Managers Lose Faith In Economic Policy
Nearly two-thirds of business managers have little or no confidence in the Government's current economic policy, according to a new report.
The study for the Chartered Management Institute (CMI) suggested 63% of managers have altered their position downward, while 20% have given a vote of no confidence on the coalition's half-term performance.
It said only 2% of employers were seeing any benefit from the Government's current strategy, as business optimism dropped 13% in the past six months.
The managers believe the huge burden of public debt and high energy costs are the most significant barriers to economic growth.
As a result, 84% of managers now report that the economy is adversely impacting their organisations.
Meanwhile, the vast majority of CMI respondents (86%) have urged greater bank lending while 81% want improved apprenticeship funding.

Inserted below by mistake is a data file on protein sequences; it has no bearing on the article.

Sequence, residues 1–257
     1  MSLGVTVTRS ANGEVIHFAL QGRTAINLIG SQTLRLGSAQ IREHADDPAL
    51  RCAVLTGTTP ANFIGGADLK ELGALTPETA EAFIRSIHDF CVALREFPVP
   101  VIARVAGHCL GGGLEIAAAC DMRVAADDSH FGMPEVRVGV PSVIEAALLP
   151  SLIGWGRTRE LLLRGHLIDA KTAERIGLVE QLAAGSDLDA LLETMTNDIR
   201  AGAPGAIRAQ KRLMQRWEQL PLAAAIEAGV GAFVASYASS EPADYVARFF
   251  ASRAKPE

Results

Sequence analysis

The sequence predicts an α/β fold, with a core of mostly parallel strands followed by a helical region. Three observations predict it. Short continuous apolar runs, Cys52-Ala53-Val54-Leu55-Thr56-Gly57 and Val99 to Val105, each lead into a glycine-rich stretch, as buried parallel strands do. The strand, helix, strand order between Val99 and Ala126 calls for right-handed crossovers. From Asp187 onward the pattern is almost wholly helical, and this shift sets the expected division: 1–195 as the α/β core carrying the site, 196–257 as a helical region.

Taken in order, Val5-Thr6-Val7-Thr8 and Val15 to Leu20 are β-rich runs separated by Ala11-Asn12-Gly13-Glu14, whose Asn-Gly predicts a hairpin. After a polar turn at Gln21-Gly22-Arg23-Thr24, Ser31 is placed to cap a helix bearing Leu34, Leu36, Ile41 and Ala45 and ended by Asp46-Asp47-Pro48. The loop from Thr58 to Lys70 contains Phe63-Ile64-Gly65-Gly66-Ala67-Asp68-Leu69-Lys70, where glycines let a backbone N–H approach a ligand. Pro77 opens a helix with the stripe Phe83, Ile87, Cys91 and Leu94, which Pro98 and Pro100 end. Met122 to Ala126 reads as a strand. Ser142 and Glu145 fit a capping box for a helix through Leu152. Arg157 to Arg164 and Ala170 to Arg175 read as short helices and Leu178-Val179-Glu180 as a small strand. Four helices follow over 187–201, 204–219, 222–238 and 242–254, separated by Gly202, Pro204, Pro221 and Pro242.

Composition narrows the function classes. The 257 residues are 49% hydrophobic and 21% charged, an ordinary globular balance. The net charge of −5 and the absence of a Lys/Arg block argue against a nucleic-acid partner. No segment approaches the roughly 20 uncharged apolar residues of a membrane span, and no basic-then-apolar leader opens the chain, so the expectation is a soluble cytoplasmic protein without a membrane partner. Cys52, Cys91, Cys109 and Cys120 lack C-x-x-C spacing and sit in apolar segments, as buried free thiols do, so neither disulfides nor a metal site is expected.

CMI chief executive Ann Francke said: "Getting Britain back on its feet requires measures to boost management confidence.
"We need commitment to a wide range of complementary measures, spanning everything from education and training to fiscal and monetary policy."
Less than half of private sector managers, some 45%, now say they feel they can plan for growth and 34% are planning for decline in the future.
The survey also said 72% of managers expect a further rise in business bankruptcies in the coming year amid further negative employment figures.
Ms Francke added: "At the halfway point of the coalition's five-year term, a worrying number of measures of economic health appear to be stagnating or worsening.
"Those on the ground trying to make their businesses work are still under pressure to cut costs, still insecure in their own jobs and still don't see things changing any time soon."